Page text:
Monday, October 26, 2009

Live-blogging the Quebec conference #17

Wednesday, October 26, 1864:

A resolution affirms the independence of the judiciary -- and confirms that superior court judges shall be federally appointed.

Then John A. Macdonald gets approval for an ambition still unrealized in the 21st century. The federal legislature shall be entitled to codify one single body of law on property and civil rights (otherwise a provincial responsibility), but only for the common law provinces, not in Quebec. A lawyer, Macdonald aspires to a single body of law and jurisprudence and a unified bar throughout common-law Canada. But there's a rider: it won't happen in any province without the consent of the provincial legislature. So for at least another century and a half, lawyers will still get called to the bar of Ontario or Alberta or Prince Edward Island and practice the law of their own province. (Though Macdonald sort of gets his way: in fact, barriers to interprovincial law practice have become vanishingly low, and there is much overlap between provincial statutes in many areas.)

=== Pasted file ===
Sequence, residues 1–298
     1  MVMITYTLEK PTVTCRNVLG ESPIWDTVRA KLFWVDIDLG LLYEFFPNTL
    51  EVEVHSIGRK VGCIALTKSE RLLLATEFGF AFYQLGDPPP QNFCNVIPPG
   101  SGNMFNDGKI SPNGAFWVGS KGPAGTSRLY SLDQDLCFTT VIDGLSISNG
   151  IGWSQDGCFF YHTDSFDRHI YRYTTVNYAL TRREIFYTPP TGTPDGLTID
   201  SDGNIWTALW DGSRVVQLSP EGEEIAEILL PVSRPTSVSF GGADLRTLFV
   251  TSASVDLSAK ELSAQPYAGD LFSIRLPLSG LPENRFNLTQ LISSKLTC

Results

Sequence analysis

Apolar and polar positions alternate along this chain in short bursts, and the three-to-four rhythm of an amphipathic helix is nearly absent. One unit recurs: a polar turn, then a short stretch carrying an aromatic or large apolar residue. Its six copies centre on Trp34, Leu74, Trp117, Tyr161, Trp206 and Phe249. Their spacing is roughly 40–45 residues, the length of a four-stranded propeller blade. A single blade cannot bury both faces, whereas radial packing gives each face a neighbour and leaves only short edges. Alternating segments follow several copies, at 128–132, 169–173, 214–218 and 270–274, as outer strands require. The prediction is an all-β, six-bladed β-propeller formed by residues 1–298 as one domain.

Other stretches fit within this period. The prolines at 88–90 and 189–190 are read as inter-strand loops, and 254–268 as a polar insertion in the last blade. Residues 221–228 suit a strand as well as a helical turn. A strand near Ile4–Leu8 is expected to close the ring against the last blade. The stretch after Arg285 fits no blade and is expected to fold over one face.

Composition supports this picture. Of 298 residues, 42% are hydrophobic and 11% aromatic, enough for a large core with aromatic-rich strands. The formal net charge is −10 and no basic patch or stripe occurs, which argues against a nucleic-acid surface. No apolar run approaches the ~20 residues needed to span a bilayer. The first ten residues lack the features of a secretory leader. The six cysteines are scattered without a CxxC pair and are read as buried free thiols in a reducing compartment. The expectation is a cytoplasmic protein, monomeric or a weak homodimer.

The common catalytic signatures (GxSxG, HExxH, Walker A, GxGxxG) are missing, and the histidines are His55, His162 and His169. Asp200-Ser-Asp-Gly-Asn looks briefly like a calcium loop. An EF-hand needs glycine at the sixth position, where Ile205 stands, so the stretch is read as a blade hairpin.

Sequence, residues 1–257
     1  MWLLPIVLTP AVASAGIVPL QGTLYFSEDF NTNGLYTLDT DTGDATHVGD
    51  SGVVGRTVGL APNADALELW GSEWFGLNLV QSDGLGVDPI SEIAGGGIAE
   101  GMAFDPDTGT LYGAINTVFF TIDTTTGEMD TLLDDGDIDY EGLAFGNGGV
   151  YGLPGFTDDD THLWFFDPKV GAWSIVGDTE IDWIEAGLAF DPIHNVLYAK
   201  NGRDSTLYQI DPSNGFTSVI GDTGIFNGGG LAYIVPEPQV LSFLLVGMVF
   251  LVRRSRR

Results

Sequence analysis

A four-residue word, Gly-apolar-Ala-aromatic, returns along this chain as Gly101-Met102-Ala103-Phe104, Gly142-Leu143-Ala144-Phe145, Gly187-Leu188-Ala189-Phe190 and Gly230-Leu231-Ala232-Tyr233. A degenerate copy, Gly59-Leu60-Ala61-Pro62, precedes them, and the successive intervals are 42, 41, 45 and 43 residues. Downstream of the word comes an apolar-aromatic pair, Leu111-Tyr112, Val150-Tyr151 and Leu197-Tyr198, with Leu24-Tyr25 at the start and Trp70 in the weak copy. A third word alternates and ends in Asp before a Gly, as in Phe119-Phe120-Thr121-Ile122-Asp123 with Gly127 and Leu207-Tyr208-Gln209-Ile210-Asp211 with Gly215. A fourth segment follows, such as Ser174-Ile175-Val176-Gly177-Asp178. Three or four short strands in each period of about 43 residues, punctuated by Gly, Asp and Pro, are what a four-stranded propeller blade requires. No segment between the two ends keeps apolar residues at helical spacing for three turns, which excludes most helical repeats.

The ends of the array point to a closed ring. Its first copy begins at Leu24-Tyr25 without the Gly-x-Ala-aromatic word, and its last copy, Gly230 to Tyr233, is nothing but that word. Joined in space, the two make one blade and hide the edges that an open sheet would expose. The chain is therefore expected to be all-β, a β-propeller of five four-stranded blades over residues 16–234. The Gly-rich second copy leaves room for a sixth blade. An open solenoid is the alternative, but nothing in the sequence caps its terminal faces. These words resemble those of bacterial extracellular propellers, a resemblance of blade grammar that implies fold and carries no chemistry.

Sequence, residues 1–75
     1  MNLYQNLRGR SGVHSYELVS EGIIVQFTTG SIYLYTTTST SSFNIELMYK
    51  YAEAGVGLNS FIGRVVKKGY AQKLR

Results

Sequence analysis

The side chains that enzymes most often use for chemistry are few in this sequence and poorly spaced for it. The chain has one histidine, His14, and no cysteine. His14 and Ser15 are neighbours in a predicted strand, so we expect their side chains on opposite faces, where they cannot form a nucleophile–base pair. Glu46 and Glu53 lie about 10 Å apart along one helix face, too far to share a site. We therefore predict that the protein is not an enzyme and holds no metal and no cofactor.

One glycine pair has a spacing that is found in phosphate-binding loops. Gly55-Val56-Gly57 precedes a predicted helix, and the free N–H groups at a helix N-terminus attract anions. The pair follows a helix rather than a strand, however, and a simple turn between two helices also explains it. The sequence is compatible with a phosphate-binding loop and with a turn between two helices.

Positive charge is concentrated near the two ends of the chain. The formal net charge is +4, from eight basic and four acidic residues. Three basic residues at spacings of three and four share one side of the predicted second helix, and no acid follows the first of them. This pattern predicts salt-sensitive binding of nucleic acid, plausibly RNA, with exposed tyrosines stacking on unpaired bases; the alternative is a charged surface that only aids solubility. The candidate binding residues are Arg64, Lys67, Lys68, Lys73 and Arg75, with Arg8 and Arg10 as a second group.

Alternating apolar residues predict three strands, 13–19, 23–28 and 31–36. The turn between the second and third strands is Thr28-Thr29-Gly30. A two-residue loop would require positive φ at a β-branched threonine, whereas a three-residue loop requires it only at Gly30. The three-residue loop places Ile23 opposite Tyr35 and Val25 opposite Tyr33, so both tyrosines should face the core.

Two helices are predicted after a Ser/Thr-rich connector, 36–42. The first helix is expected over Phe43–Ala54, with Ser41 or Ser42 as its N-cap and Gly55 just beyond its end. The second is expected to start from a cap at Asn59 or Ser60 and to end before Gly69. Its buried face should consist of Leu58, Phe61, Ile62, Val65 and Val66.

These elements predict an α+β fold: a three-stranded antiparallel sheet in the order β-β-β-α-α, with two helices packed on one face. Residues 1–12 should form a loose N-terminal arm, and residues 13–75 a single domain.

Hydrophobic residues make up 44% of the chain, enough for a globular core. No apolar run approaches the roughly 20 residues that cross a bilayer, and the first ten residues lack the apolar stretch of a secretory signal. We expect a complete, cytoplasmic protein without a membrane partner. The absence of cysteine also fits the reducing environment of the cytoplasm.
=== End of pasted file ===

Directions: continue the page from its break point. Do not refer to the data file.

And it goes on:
They fix the capitals of the new provinces of Ontario and Quebec, and make Ottawa the national capital. Bilingualism: they confirm the use of both French and English in the national parliament, and in the legislature and courts of Quebec.

And then they get back to the money -- delegated since several days back to a committee, but now speedily passed. It is the same basic rules, but with a hodge-podge of special grants and accomodations for the provinces with the most adept finance ministers, it seems. (Leonard Tilley, we're looking at you. Charles Tupper, what were you doing the last few days?) A per capita grant of $0.80 will provoke the complaint that Nova Scotia has been sold to Canada for eighty cents a head.

According to the notes of A. A. Macdonald, a Prince Edward Island delegate, the islanders put forth a motion for the federal government to provide funds to the buying out of the large landed estates that hold most of the property on the island. The official minutes have nothing of that, and the Islanders get nothing, which pretty much kills Confederation's prospects in PEI. The island votes no on the financial resolution. The minutes for today have nothing about a proposal to fund the Intercolonial Railway from Quebec to the Maritimes -- but a resolution to this effect will be in the final list of motions passed. Did they vote on it today, or simply agree later they had meant to?

They will meet again tomorrow, but you know what? They are damn near done, and getting a bit giddy about it. We'll wrap up tomorrow.
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